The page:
If you are wondering how to become an illustrator, below are tips and advice on training for and beginning careers in this area of the design industry, as well as job prospects in the UK.

    The Job Description
    Illustrators produce drawings, paintings or diagrams that help make a product more attractive or easier to understand. They work on a wide range of products, including books, book jackets, greetings cards, adverts and packaging and detailed technical diagrams for manufacturers.

    Typical responsibilities:

    discussing requirements (the ‘brief’) with authors, editors or designers
    negotiating prices and timescales
    deciding on appropriate styles for the illustrations
    creating illustrations using hand drawing and painting and computer design packages
    consulting with the client and modifying designs if necessary
    making sure the work is completed within set budgets and deadlines.
    Illustrators may specialise in one type of illustration, such as children’s books or medical illustration – see Medical Illustrator profile. As they are usually freelance, illustrators also need to market their work and complete the administrative tasks associated with running a business.

    Person Specification
    The key personal attributes of good illustrator include:

    excellent drawing skills and an appreciation of detail
    the ability to work to a brief and think around a problem
    creativity and imagination
    knowledge of CAD (computer aided design) and computer graphics
    the ability to manage your time well and meet deadlines
    good communication skills for making presentations and ‘selling’ ideas.

    How to become an illustrator
    If you have artistic talent, determination and relevant experience you may be able to develop a career in illustration without a formal qualification. However, most professional illustrators have a degree in illustration or another art-related subject.

    Entry requirements for degree courses often include a recognised art and design foundation course. You may also be considered with other relevant qualifications and could be accepted on the strength of your portfolio. Check with individual universities and colleges for their entry requirements.

    To search for colleges and universities offering art and design foundation courses and degrees see Universities and Colleges Admissions Service (UCAS).

    Marketing your work
    You will need an up-to-date portfolio of your work to show to prospective clients. You might be able to find a portfolio-building course at a local college if you need help in assembling your work.

    You can also market your work by contacting relevant companies directly. You can find advice about getting started as a freelance illustrator, lists of publishers and other useful information in The Writers’ and Artists’ Yearbook, published each year by A & C Black. You should be able to find it in your local reference library as well as in bookshops. See the Artists Information Company website for a range of resources to help artists market their work.

    Using an agent
    If you work as a freelance illustrator you will usually sell your work through an artists’ agent to sell your work, who may take a commission of up to 40%. You can find lists of agents, publishers and specialist organisations such as those for children’s books on the Association of Illustrators (AOI) website (in Further Information). If you join the AOI you can have your contact details and samples of your work displayed on the website.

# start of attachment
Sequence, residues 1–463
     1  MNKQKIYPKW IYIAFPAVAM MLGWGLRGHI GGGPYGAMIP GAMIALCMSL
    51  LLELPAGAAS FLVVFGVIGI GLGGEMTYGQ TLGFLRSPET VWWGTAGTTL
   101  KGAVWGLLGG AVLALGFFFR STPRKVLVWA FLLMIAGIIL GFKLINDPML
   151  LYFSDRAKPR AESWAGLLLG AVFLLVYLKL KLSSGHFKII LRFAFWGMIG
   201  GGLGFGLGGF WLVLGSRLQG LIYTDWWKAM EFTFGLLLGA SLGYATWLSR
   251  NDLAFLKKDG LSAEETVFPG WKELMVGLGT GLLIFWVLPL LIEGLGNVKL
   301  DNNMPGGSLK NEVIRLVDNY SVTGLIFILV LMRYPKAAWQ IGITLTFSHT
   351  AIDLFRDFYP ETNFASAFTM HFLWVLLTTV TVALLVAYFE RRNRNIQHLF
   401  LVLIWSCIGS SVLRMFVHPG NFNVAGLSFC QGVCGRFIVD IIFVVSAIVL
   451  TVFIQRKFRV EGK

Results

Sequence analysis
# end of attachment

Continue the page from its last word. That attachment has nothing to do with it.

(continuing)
Training and Development
    You can develop your skills as an illustrator by doing postgraduate degrees and diplomas in fine art and illustration. You will usually need a first degree to get on to one of these. Courses are available part-time, and you might be able to specialise in a particular area such as children’s book illustration.

    As a member of professional organisations such as the Association of Illustrators (AOI) and the Institute of Scientific and Technical Communicators you can take part in their training events and seminars.

    You can develop and update your skills in using computer packages such as Illustrator, QuarkXpress and Adobe Photoshop by attending part-time courses available at many colleges.

    The Pay (a rough guide)
    As illustrators are usually freelance, there are no set salary figures.

    Professional organisations such as the Association of Illustrators will advise on rates of pay, and the Artists Information Company website has resources to help artists price their work.

    Job Prospects
    As an illustrator you will usually work freelance and may use an agent or sell your work directly to clients. It can be difficult to become established and known to commissioning clients and agents. As a result, you may need to supplement your income with other part-time work whilst building up contacts.

    You could work for a design agency, publishing company or magazine, although you may also need graphic design skills to do this. Very few illustrators work for commercial clients directly.

    Networking and building up contacts is essential for finding work. You can use publications such as the Writers’ and Artists’ Yearbook for researching potential clients. Joining professional bodies such as AOI and the Institute of Scientific and Technical Communicators will give you professional recognition and opportunities for networking. As a member of AOI you will have access to portfolio consultations and business and legal advice. You can also register for entry on the AOI database which potential commissioners can search.

    Useful design industry resources:
    Association of Illustrators
    2nd Floor
    Back Building
    150 Curtain Road
    EC2A 3AR
    Tel: 020 7613 4328

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